The caseworker stated that the father had never presented any verification that he had completed a parenting class or substance abuse assessment as ordered by the court. But she admitted that B.F. was taken into custody due to his father's arrest and not based upon any evidence of abuse or drug use. The caseworker also testified that the father had never provided DFACS with an address where he was living, nor had he attempted to make any financial contributions to B.F.'s support. But she conceded that the father had been in jail for a significant amount of time since January 1999, which may have affected his ability to contribute financially or to comply with the court's order.
The father filed a petition to legitimate B.F. in connection with the termination proceedings, and the juvenile court granted that petition. He had never previously made any attempt to legitimate B.F. and had never attempted to legitimate A.F., his other child, who resided primarily with her mother. The father testified that he had been residing in a three-bedroom trailer for a period of six months prior to the hearing, although by the time of the November hearing date, he had moved into a two-bedroom trailer with a friend. He stated that he could obtain access to a three-bedroom trailer at anytime if B.F. came to live with him.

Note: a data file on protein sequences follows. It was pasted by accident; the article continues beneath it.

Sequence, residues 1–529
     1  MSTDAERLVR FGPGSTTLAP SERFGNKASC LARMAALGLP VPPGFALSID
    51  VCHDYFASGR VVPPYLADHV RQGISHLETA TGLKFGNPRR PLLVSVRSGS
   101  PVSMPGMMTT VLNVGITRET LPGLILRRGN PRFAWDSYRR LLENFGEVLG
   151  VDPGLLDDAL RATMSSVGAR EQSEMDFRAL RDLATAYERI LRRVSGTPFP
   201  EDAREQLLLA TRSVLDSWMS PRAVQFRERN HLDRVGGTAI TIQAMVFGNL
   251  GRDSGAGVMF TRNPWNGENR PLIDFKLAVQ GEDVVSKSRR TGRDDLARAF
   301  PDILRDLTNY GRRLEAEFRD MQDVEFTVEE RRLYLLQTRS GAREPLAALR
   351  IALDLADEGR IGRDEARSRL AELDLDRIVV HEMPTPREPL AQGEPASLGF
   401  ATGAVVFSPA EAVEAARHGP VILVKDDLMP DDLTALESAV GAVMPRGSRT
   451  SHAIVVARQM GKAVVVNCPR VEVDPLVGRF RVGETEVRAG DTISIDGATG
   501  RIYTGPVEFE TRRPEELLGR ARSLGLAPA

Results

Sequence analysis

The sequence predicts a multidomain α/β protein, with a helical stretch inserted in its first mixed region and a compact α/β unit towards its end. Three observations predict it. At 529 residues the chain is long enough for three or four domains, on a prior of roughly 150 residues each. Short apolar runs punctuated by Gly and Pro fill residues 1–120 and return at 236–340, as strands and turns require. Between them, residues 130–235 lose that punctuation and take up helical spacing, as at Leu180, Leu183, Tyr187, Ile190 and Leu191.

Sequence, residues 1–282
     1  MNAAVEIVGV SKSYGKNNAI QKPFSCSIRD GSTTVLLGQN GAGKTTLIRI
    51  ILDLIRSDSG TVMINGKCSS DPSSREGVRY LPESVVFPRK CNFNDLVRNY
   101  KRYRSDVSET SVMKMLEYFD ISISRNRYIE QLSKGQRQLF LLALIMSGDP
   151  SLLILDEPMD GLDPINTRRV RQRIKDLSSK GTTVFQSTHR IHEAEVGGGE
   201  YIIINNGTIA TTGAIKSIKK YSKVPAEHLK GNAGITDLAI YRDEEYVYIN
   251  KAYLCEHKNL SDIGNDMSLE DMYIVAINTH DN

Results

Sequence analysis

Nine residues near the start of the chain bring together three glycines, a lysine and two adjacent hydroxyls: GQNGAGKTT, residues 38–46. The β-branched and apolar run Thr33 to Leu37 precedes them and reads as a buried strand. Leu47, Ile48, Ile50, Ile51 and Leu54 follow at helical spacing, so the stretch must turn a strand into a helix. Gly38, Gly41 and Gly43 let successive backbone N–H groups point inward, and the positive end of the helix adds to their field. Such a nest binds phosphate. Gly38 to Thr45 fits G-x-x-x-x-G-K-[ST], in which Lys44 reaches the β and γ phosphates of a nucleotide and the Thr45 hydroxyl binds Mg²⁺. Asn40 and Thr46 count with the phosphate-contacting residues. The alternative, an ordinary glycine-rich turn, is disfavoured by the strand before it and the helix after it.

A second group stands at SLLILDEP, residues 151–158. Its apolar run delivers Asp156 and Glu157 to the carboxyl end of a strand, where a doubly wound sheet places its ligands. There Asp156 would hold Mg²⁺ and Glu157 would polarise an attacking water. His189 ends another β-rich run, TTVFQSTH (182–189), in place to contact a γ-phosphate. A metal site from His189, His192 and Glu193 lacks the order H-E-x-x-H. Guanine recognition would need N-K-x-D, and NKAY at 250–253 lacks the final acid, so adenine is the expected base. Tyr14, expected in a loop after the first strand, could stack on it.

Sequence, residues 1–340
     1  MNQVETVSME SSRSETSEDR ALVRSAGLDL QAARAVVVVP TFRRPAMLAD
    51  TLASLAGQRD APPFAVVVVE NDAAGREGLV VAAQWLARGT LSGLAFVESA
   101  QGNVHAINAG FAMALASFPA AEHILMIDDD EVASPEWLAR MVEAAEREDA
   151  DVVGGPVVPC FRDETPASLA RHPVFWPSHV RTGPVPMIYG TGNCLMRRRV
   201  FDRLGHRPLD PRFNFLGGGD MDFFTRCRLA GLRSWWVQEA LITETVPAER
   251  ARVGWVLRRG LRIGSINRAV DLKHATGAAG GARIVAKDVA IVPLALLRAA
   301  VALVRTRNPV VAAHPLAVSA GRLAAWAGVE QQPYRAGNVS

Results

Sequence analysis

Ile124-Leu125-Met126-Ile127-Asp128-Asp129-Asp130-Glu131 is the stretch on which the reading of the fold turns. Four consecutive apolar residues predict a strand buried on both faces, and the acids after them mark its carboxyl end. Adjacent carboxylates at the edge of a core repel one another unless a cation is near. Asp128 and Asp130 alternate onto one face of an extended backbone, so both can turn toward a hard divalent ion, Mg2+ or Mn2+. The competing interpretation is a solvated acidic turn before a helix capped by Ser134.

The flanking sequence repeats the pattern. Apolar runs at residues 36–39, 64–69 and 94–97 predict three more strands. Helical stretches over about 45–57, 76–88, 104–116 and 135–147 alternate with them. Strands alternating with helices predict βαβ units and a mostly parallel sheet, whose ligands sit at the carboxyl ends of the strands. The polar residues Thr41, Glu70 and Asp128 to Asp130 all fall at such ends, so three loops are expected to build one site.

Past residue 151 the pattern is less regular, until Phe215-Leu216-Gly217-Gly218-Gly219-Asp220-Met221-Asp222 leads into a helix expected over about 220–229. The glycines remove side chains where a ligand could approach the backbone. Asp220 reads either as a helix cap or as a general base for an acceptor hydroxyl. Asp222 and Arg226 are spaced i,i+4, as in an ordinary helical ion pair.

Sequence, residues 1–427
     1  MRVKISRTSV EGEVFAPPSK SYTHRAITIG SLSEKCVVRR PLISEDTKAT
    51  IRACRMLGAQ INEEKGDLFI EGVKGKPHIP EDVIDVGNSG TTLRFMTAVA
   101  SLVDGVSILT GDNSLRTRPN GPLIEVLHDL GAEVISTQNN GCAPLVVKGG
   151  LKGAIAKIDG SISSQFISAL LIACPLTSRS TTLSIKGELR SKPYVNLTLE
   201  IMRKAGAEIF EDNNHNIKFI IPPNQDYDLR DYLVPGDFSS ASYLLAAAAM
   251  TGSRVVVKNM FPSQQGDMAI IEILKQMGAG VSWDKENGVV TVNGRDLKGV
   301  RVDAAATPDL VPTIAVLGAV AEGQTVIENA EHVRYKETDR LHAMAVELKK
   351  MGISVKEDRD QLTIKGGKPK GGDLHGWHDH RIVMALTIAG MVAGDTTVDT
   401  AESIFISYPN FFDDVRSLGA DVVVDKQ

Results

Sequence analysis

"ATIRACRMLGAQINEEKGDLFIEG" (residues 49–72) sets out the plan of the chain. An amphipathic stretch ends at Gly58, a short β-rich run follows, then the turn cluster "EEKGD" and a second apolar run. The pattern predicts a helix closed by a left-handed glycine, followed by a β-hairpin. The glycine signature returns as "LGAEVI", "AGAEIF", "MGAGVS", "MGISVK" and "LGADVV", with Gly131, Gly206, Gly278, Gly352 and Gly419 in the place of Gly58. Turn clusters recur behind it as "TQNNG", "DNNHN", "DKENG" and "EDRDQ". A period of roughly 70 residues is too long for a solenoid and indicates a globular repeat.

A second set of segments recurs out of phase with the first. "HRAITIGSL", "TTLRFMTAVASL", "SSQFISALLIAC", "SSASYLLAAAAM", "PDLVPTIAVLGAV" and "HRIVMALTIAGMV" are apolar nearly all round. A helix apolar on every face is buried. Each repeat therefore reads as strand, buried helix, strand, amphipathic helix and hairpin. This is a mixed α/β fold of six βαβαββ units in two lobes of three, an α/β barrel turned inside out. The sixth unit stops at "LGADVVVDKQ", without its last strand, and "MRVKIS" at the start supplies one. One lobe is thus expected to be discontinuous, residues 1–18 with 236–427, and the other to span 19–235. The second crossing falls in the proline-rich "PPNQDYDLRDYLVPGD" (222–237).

Prior to living in the trailers, the father had been in jail off and on. The father spent from six to nine months in jail in 1999 on the suspended license charge and the resulting probation violation, and other jail time was attributable to the arrest warrants issued by the juvenile court. He was released from jail in January 2000.
At the time of the hearing the father was employed with a tree service company, but received no health benefits. The father admitted that he made no attempt to support B.F. financially since the child was placed in DFACS custody because no one ever mentioned anything to him about making payments. He later stated that he had tried to give B.F.'s stepgrandmother some money toward the child's support, but that she had refused to take it.